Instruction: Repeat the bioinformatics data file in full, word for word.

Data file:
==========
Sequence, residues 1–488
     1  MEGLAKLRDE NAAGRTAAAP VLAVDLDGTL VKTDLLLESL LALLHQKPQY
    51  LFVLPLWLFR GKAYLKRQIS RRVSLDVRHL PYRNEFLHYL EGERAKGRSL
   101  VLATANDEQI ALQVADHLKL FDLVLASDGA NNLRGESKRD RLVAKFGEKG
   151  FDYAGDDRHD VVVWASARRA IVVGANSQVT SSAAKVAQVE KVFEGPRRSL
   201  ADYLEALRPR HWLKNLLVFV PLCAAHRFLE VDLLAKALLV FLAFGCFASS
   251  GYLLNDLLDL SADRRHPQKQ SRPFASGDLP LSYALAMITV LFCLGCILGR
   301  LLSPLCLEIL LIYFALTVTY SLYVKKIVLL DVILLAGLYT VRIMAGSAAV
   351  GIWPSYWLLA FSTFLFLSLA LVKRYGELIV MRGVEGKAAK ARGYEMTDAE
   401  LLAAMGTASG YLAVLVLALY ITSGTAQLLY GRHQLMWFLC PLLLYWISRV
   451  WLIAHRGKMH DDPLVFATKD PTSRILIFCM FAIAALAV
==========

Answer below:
Sequence, residues 1–488
     1  MEGLAKLRDE NAAGRTAAAP VLAVDLDGTL VKTDLLLESL LALLHQKPQY
    51  LFVLPLWLFR GKAYLKRQIS RRVSLDVRHL PYRNEFLHYL EGERAKGRSL
   101  VLATANDEQI ALQVADHLKL FDLVLASDGA NNLRGESKRD RLVAKFGEKG
   151  FDYAGDDRHD VVVWASARRA IVVGANSQVT SSAAKVAQVE KVFEGPRRSL
   201  ADYLEALRPR HWLKNLLVFV PLCAAHRFLE VDLLAKALLV FLAFGCFASS
   251  GYLLNDLLDL SADRRHPQKQ SRPFASGDLP LSYALAMITV LFCLGCILGR
   301  LLSPLCLEIL LIYFALTVTY SLYVKKIVLL DVILLAGLYT VRIMAGSAAV
   351  GIWPSYWLLA FSTFLFLSLA LVKRYGELIV MRGVEGKAAK ARGYEMTDAE
   401  LLAAMGTASG YLAVLVLALY ITSGTAQLLY GRHQLMWFLC PLLLYWISRV
   451  WLIAHRGKMH DDPLVFATKD PTSRILIFCM FAIAALAV